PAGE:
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Texting and driving kills thousands say researchers  (Source: Reuters)
How many people are killed driving while stupid? I'd like to see that study.

There have been numerous studies that have sought to correlate texting or talking on a mobile phone while driving with an increase in traffic accidents and fatalities. There have been several studies that claim to find the link between texting and an increased chance of accidents and those studies have resulted in bans on texting and driving and talking and driving in some states.

A new scientific study conducted by Fernando Wilson and Jim Stimpson of the University of North Texas Health Science Center has used accident reports obtained from the NHTSA and information on cell phone ownership and data on text message volume from the FCC to create an estimate of how many people are killed by talking or texting on cell phones. According to Wilson and Stimpson, as many as 16,000 people from 2001 to 2007 were killed on the nation's highways directly by texting or talking and driving.

The pair of researchers wrote in the American journal of Public Health, "Our results suggested that recent and rapid increases in texting volumes have resulted in thousands of additional road fatalities in the United States." Wilson told Reuters in a telephone interview, "Since roughly 2001-2002, texting volumes have increased by several hundred percent. Since 2001 our model predicts that about 16,000 people have died since then that we attribute to the increase in texting volume in the United States."

The pair of researchers estimate that with every million new cell phone subscribers the number of deaths caused by distracted driving rise 19%. The pair wrote in their report that in 2008, about 1 in 6 fatal vehicle collisions resulted from distracted driving. The exact number is 5,870 people. Wilson admits that the only way to curb texting and driving or talking on the phone and driving is to have better enforcement methods. He also admits he isn't sure what those methods are.

Wilson told 
Reuters, "I guess a perfect solution would be installing cell phone jammers in every car but that is not going to happen. Unlike drunk driving, where you have effective enforcement mechanisms you don't have that with texting. The cop just has to get lucky and see you texting while driving."

A good example of the problem with these bans is that despite the ban on texting and driving enacted in Raleigh, N.C. in 2009, there have been few tickets written as a result. The reason for the few tickets is just as Wilson stated, catching drivers in the act is difficult.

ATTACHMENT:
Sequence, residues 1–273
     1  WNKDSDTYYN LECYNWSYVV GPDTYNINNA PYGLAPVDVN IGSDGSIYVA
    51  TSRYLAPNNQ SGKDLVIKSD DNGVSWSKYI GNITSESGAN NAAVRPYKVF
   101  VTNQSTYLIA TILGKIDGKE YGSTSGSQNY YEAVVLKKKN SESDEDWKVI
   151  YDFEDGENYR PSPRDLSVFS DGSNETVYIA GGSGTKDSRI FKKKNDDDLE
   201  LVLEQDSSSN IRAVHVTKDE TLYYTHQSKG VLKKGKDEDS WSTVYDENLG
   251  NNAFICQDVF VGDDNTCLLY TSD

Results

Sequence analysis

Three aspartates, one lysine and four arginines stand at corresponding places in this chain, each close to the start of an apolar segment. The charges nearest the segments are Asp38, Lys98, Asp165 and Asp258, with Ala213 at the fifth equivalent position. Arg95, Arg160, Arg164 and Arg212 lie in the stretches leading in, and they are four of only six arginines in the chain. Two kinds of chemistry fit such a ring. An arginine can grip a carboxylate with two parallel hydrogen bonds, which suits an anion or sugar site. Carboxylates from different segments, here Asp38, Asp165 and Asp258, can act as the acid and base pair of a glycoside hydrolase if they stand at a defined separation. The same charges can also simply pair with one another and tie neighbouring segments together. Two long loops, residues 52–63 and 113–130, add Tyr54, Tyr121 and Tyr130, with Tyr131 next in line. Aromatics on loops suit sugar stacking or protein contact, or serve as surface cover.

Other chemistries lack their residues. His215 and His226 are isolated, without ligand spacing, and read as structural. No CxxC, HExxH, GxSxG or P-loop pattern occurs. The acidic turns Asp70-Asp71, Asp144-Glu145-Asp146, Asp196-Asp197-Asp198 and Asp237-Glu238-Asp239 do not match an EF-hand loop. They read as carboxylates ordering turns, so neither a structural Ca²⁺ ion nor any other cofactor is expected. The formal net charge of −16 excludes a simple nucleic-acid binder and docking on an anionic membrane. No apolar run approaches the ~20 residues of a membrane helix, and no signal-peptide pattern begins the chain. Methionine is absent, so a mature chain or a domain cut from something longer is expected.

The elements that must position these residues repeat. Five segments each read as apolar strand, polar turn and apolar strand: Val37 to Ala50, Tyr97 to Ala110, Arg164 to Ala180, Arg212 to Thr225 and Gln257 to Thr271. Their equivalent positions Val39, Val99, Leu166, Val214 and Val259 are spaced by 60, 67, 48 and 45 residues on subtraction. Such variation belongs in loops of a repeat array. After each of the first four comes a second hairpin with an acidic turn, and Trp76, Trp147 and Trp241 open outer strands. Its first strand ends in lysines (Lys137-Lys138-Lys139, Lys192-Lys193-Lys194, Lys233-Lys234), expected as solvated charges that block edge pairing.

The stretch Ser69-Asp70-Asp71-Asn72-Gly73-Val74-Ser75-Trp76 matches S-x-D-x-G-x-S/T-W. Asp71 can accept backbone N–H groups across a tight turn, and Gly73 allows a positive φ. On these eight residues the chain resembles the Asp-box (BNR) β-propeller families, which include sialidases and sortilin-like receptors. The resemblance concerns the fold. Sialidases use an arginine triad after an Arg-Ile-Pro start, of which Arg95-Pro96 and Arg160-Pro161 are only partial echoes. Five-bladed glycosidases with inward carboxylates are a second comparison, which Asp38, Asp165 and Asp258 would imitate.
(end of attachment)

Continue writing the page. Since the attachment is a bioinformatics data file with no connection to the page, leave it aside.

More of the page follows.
A spokesman for the Highway Patrol in N.C. stated, "It’s an excellent law; it's just that a trooper has to articulate that a person is in fact texting and not looking at their phone number or making a phone call."

Another study found that the bans on cell phones were more effective in dense urban areas than in rural areas. Yet another study has found that bans on cell phone use while driving has not reduced accidents in areas when accident rates before and after bans went into effect are compared.



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RE: Darwinism at its finest
By BobT on 9/24/2010 2:09:17 PM , Rating: 1
Your argument only reinforces the premise that technology is saving more lives. Think about it. What do the poor and the young drive? I'll answer that for you, older autos with less of the newer technologies. Therefore if less of them are on the road then the accidents that are happening are happening with newer autos that do a better job of protecting the STUPID inhabitants of those autos.

I am not saying that you don't have a valid point, but blaming the economy and its effect on the poor and young as the primary factor insinuates that the poor and the young are responsible for a greater share of bad drivers than the rest of the population. While this may be true of the young primarily due to inexperience, I have never seen the poor labeled by the insurance companies as bad drivers in general.

As far as the difference between the Grand Marquis and the Crown Vic, you have to look who uses each more carefully than just thinking that Grand Marquis is more expensive. The Crown Vic is a standard in the police car field. They tend to have more accidents than the average population so would disproportionately affect the numbers. I am not saying the police are bad drivers, they just happen to be in unsafe conditions much more often than the general public. They may be sitting beside the road writing a ticket and some STUPID cell phone user runs into their parked Crown Vic and kills them. Happens way too often.


RE: Darwinism at its finest
By goku on 9/24/2010 10:11:06 PM , Rating: 2
If you compare any vehicle say the Camry vs the Lexus ES, despite the vehicles being nearly identical, the more expensive vehicle generally has lower losses.. HOWEVER.. Funny thing, the Cadillac Escalade has a higher insurance liability than the Chevy Suburban, Tahoe, etc. and I think you can guess why... As for insurance companies not distinguishing the rich from the poor, they do, just in ways you're not aware of.. Think credit score, zip code and the vehicle they drive. Check out this chart:
http://www.iihs.org/research/hldi/composite_bw.asp...
the Chevy Corvette is one of the lowest losses vehicle while the Scion tC, Cobalt, Civic Si, Hyundai Tiburon are some of the highest loss vehicles, which just so happen to be driven by the poor and the young... While it's technically true that a young, poor person can be a good, responsible driver, insurance is based upon statistics, and statistically, that person is more likely to be a high liability.

If the economy ever does recover to the way it was before, expect the accident rate to climb.


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